Does SA need a cyber commissioner?[ad_1]
The Democratic Alliance has tabled a Cyber Commissioner Bill to strengthen SA’s cyber security and better protect data in state departments.
Cyber security, data protection and legal experts have welcomed the Democratic Alliance’s (DA's) call for government to introduce a cyber commissioner to protect personal information handled by the state.
However, while there is consensus that the country urgently needs someone in this role, experts warn that challenges, including a lack of skills and siloed defense systems, could stifle the process.
In July, the DA announced the Cyber Commissioner Bill, officially called the Constitution Twentieth Amendment Bill, which aims to amend the country’s constitution and establish a cyber commissioner as a new chapter nine institution.
The party said South African state departments and critical infrastructure are currently insufficiently protected against cyber threats and lack the necessary tools to defend sensitive public information from breaches.
According to a statement released by the DA through advocate Glynnis Breytenbach, MP, shadow minister of justice and constitutional development: "The cyber commissioner’s powers will include establishing and maintaining cyber security capabilities across all state organs and entities dealing with public information, operating a cyber security hub for reporting, monitoring and investigating incidents and threats, advising the defence force on cyber defence capabilities, and guiding institutions responsible for critical infrastructure regarding cyber security."
The party has introduced the Cyber Commissioner Bill to Parliament and is looking to secure bipartisan support.
Anna Collard, SVP of content strategy and evangelist at KnowBe4 Africa, says: “It's a welcome piece of legislation, as the public sector divisions currently tasked with cyber defence are in different silos, they are under-funded, under-resourced, and lacking in much-needed skills and capacity. This results in significant cyber attacks against our critical infrastructure.”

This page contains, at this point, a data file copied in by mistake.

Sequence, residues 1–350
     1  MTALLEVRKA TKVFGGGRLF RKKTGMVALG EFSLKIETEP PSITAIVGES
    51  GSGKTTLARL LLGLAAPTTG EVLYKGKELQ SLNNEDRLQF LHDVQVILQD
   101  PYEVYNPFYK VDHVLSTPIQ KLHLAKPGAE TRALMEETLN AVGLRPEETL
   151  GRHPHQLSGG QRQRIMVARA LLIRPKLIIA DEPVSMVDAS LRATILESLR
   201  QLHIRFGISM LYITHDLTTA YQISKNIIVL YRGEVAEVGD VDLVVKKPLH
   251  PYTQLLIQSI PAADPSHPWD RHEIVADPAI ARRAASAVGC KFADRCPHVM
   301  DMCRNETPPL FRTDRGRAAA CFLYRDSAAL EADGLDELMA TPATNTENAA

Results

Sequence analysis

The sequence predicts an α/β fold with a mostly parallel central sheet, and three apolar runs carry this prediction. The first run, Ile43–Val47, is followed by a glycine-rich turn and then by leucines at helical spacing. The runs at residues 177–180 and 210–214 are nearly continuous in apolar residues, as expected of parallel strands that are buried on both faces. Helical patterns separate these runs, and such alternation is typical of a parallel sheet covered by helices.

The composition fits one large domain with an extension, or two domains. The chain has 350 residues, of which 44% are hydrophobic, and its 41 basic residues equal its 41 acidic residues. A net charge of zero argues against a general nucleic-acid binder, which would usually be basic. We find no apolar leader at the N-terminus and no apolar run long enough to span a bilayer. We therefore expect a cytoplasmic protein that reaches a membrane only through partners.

Stephen Osler, co-founder and business development director of Nclose, notes that current cyber security legislation remains mostly unenforced.
“Addressing cyber threats requires a collaborative effort involving various stakeholders, including government bodies, law enforcement agencies and industry experts. The Bill introduced by the DA can serve as a catalyst for enhanced cooperation between these entities. By fostering partnerships, sharing knowledge and leveraging expertise, the nation can build a stronger defence against cyber threats,” he says.
Olser adds that he hopes this institution would be prioritised and receive requisite budgets to execute its mandate “….and work together with the private sector, law enforcement and educational institutions to address the skill shortages and capacity-building needs".
Ahmore Burger-Smidt, head of regulatory practice (data privacy and cyber) at Werksmans Attorneys, comments that while establishing a properly constituted office dedicated to cyber could be a solution to cyber crime, adding legislation to what already exists could have the opposite effect.
“We have a Cyber Crimes Act in place, which provides for a specialist function. Notably this process remains in limbo. I would question why additional legislation would solve the current impasse. Will there be an inherent conflict in itself?
"The office of the information regulator is doing a splendid job of enforcing POPIA. But, sadly, it seems SAPS is lagging. This then means that one ought to understand the rationale informing the Bill. I do have to question why we cannot use existing legislation to the full extent rather that introducing new legislation. Legislation cannot fix everything that is not performing optimally.”
However, Shamaa Sheik, attorney specialising in knowledge management at Michalsons, says there are three laws that govern data: the Protection of Personal Information Act or POPIA, which requires responsible parties to protect personal data under their control; the Promotion of Access to Information Act or PAIA, which requires organisations to give requesters access to certain data the organisation holds; and the Cyber Crimes Act, which requires organisations to protect data from harm.
“In the current framework, the Information Regulator of South Africa has a dual mandate to enforce POPIA and PAIA. The regulator has also mentioned that organisations should consider the Cyber Crimes Act as part of their compliance frameworks.
“Since the Information Regulator already has oversight of two data laws (POPIA and PAIA), in many ways it makes sense for the regulator to be the cyber commissioner because they would be able to provide a multidisciplinary approach to the issue of privacy, the right of access to information and cyber security in South Africa. However, it is unlikely that will happen,” Sheik concludes.
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